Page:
Supporting Diabetes Awareness Month
KetoSkream is happy to support Diabetes Awareness month during November one sugar free ice cream tub at a time! Our team is so proud to have created a diabetic friendly ice cream that has no added sugar, is made with real cream, and only has 2g net carbs per serving!
In honour of this awareness month, we are going to explain what diabetes is and break down exactly how the body deals with sugar...
The Lowdown On Diabetes
Diabetes is a disease that affects insulin (the hormone produced by the pancreas that regulates the amount of glucose in the blood). When diagnosed with diabetes it means that the body either cannot produce insulin (Type 1) or it cannot properly use the insulin it does produce (Type 2). This leads to your body failing to correctly use sugar for energy.
Type 1 diabetes is a less common autoimmune disease where the body attacks the pancreas and is treated by injecting insulin into the body. Type 2 is more common and can often be managed with healthy eating and regular exercise, but in some cases might require medication or insulin therapy.
Common symptoms of diabetes can include the following: frequent urination, extreme thirst, slow healing cuts and bruises, itchy skin, weight loss, numbness in limbs, severe fatigue, blurry vision, feeling hungry after just eating, dry mouth, etc. If you think you might have diabetes, your doctor can test you through a blood test that measures your glucose levels.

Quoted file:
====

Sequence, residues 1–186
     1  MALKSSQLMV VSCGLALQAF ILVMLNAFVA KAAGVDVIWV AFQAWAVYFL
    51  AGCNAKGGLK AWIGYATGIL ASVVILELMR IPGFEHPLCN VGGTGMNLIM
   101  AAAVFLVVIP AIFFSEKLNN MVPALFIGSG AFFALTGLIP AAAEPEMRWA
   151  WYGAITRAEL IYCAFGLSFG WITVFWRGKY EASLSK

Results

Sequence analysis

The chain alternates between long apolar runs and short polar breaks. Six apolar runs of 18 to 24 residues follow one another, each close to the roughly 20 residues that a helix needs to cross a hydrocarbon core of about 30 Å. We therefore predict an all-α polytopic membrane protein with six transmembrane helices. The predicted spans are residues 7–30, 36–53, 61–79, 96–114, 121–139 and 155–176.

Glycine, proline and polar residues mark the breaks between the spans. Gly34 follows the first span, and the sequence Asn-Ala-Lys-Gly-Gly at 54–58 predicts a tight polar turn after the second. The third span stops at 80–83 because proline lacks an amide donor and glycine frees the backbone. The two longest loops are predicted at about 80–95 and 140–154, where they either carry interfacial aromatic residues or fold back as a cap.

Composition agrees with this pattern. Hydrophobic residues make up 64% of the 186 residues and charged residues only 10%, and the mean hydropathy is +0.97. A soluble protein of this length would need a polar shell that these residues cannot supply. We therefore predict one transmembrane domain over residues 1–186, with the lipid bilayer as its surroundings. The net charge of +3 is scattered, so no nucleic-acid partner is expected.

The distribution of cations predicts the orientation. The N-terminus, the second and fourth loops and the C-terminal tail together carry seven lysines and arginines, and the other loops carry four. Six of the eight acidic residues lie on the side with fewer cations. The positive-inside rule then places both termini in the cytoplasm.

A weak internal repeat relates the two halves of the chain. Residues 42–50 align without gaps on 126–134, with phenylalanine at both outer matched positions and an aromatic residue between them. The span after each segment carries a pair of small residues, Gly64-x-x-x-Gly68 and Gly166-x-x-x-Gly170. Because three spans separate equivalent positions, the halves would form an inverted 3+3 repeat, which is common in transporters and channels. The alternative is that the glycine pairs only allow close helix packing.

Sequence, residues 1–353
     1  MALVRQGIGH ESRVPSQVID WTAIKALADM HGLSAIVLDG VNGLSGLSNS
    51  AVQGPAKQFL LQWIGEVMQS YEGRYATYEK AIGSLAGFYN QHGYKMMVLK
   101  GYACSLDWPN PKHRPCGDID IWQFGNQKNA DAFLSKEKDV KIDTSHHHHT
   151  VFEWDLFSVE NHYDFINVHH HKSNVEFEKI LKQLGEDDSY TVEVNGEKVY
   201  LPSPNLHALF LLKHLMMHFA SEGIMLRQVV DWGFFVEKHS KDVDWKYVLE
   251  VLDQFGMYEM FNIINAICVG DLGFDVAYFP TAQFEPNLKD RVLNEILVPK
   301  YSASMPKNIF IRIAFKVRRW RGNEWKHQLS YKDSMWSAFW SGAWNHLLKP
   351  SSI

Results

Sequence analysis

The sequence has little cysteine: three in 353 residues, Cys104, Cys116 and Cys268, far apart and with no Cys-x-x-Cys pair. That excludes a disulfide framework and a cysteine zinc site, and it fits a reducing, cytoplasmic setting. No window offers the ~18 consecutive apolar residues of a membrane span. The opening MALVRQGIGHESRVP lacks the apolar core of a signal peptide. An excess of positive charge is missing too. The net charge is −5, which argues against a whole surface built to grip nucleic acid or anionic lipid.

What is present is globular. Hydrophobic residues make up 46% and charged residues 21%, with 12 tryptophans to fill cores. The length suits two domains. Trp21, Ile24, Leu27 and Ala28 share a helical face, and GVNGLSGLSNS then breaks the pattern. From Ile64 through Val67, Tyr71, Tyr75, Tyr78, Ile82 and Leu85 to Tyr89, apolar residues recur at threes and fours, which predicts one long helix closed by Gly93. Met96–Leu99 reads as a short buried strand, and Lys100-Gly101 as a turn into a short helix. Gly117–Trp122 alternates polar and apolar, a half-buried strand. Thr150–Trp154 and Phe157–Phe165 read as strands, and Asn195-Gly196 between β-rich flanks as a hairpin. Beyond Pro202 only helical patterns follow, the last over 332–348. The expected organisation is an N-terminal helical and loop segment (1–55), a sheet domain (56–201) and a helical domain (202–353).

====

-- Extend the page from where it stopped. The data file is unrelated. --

How Sugar Works In The Body
When diagnosed with diabetes, it is very important to keep your glucose levels steady. When carbs (sugars or starches) are consumed they are broken down into single sugar units and immediately absorbed into the bloodstream, causing blood sugar levels to spike. So diabetics (especially Type 2) should try to avoid carbs that cause glucose spikes.
Foods to avoid:
Starchy or sugary foods such as: rice, breads (pastries, pizza, sandwiches, buns, etc,), pasta, peas, potatoes, corn, sweet beverages (juice, pop, alcohol, etc.), beer, beans and lentils, sweeteners (honey, white sugar, brown sugar, coconut sugar, maple syrup, agave, etc.), fruit, milk, etc.
Foods to consume:
Anything that is low-carb such as: protein (beef, chicken, pork, fish, eggs, tofu, etc.), full fat dairy products (cheese, greek yogurt, cottage cheese, butter, etc.), vegetables (celery, cucumber, broccoli, cauliflower, green beans, zucchini, cabbage, tomatoes, avocados, etc.), or a limited amount of berries per day, etc.
You have probably heard of “net carbs” and do not actually know what that means… Net carbs are calculated by subtracting fibre (and sugar alcohol) from the total carbs a food contains. An example of this would be if one cup of spaghetti squash has 10 grams of carbs and 2.2 grams of fibre - then the total net carbs for one cup of spaghetti squash would be 7.8 grams.